If you don’t smoke, don’t start. If you do smoke, it’s time to quit smoking. There are a lot of benefits to quitting smoking: you smell better (as in what you smell like to other people—let’s face it, smokers stink,) you can taste food better, you save money…..oh, and you live longer!
I was a pack a day smoker for over twenty years. I tried quitting numerous times, it’s the same for a lot of people. We may quit for a day, or a week or even a month and then something happens and we use it as an excuse to start all over again. It doesn’t matter what the excuse is, it’s just that — an excuse. Stop looking for excuses and start looking for other ways to occupy your hands…..I used a cinnamon stick for almost a year after I quit. I had a kinesthetic desire to hold a cigarette between my fingers and a cinnamon stick is about the same circumference as a cigarette. Maybe that will work for you.
But I also know there has to be more than just a substitute, there has to be a real desire. I remember hearing a speaker talk about how he quit smoking, it happened because he accidentally burned his two year old son in the face with a cigarette. That incident was so powerful that he quit right away and never looked back. I wasn’t sure if I’d ever have something that powerful happen to me. I watched a beloved Uncle die from emphysema and I didn’t quit. My sister had a lobe of her lung removed because of lung cancer and I didn’t quit. But something did happen, when I was 41, I saw my mother do a stress test. She was 83 and never smoked and she barely started the test before she was heaving. I realized that I would be like that in 10 years if I didn’t quit.
I wrote about that moment last year in How I Quit Smoking. But there was also a second incident that week that just reaffirmed my desire and took it to the next level. The night before I quit, sitting with my last new pack of cigarettes and a box of nicotine patches, I reached for the new pack and saw that it was open. Now, I might have done it and forgotten about it, but when I opened up the pack I also saw that one cigarette was missing and it was from the center of the pack leaving a hole where the cigarette had been. That wasn’t how I took cigarettes out of the pack and I knew that either my son or one of his friends had done it. And that was it. I wasn’t going to allow children to become smokers because of me.
I will admit, the nicotine patch was a big help in quitting smoking. It was weeks before anyone realized that I quit because they never noticed a change in my moods. But there were two things that really helped me. One was that the day I put that patch on I went on a road trip from Connecticut to Virginia to pick up some friends who were hiking the Appalachian Trail. And the day that I took off the last nicotine patch, I was on a hut hike in the White Mountains in New Hampshire. Both events removed me from a house in which my then husband was still smoking. As bad as our relationship got during those last six months of our marriage (at one point he was actually blowing smoke in my face in an attempt to make me fail at quitting so he could call me a loser,) I NEVER picked up a cigarette. I did go through a lot of cinnamon sticks!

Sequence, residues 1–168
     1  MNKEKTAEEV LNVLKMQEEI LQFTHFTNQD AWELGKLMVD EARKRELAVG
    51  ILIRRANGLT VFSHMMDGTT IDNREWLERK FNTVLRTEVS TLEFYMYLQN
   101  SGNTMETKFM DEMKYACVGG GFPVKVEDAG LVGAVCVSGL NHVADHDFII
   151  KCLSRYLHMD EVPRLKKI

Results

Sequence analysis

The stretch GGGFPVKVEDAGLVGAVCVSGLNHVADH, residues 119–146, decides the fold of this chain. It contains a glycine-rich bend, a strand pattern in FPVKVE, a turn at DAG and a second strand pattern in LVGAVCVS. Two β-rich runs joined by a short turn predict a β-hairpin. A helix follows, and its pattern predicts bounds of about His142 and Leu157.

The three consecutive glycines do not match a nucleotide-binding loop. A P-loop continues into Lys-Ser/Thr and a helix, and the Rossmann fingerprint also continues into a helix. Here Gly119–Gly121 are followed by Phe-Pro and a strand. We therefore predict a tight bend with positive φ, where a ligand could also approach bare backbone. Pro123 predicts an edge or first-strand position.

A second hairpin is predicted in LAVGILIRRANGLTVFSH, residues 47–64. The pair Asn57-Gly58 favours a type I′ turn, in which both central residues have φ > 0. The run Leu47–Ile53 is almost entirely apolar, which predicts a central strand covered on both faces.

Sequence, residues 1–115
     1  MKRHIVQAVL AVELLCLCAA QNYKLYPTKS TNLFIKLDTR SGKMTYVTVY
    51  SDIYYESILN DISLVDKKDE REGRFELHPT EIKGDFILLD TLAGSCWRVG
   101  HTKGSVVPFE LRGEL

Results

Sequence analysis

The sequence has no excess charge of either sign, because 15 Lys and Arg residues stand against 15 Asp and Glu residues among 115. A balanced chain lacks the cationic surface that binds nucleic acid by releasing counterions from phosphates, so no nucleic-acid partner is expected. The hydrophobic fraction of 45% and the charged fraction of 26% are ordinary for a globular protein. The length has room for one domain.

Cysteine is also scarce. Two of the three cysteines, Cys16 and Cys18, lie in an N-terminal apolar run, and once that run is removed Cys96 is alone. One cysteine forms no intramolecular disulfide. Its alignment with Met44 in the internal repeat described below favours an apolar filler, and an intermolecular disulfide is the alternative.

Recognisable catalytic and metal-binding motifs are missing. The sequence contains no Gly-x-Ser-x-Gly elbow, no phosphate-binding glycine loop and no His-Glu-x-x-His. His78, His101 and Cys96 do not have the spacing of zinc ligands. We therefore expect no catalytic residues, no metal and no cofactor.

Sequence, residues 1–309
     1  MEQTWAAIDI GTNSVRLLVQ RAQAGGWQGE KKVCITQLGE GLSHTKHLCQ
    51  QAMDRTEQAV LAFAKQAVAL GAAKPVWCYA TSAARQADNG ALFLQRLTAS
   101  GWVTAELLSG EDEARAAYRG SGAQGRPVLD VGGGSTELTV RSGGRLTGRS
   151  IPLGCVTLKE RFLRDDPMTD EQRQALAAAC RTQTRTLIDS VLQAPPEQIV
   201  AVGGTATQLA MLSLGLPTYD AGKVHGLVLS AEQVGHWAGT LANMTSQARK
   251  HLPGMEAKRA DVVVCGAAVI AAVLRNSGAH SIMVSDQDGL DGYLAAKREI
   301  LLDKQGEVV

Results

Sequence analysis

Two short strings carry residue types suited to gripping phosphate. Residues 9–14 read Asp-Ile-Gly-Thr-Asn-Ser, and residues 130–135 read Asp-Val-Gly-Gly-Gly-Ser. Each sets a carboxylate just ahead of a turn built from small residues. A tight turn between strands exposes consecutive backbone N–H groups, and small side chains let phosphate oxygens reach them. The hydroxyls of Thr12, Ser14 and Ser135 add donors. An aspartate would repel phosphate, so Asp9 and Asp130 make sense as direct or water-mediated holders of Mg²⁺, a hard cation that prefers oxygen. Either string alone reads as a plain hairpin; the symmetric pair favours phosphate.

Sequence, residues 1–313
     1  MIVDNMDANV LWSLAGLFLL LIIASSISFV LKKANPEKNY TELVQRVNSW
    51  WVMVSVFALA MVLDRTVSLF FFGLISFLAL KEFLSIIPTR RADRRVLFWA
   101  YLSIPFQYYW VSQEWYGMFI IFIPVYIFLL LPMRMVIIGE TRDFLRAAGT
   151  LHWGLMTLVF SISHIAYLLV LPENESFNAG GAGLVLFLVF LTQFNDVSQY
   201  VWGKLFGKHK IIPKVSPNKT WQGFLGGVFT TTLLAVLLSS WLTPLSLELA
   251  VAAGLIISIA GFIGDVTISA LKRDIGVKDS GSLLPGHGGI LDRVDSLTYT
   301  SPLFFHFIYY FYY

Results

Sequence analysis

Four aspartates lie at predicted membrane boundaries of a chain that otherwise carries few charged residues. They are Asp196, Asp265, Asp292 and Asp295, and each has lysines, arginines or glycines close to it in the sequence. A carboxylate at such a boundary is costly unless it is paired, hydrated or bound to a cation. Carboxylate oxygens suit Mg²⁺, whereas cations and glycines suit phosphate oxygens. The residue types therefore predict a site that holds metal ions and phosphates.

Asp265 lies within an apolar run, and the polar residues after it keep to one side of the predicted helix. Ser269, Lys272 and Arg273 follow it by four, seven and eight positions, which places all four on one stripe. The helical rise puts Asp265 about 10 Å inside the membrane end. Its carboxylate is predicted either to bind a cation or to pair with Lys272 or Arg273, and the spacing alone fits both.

The winter after I quit smoking, I was bowling with my sister. Back then, you could still smoke in the bowling alley and that night it was as if everyone’s smoke had only one place to go to — my jacket. I watched as each cigarette curled a path and just settled into my coat. I even moved my coat and the smoke forged a new pathway. I drove home with that jacket in my car (even though it was winter, I couldn’t bear to put the coat on) and then left it there and went in to take a shower to get the smoke smell off my body and hair. The next morning, when I got in the car to go to work, I was overwhelmed by the smell of smoke still there. As I drove to work, I started calling all of my friends and apologizing to them. I apologized for every time they came over to my house and they left smelling like smoke. I used to light a candle and tell them that the candle would take away the smell. No. It doesn’t. When you quit smoking, not only can your nose smell things better, but you start to smell better to your friends.
If you are interested in quitting smoke there are several resources out there. The American Lung Association provides tools and support to help you quit smoking. The American Cancer Society hosts the Great American Smoke Out each November. The Great American Smoke Out is always the third Thursday in November. This year, it’s November 19th. (The 19th is a special number, I quit on May 19th in 2002 and my second marriage started on the 19th.) If you quit on November 19th this year, the following Thursday, you’ll be able to celebrate on Thanksgiving (and you’ll be able to taste that food a little bit better!)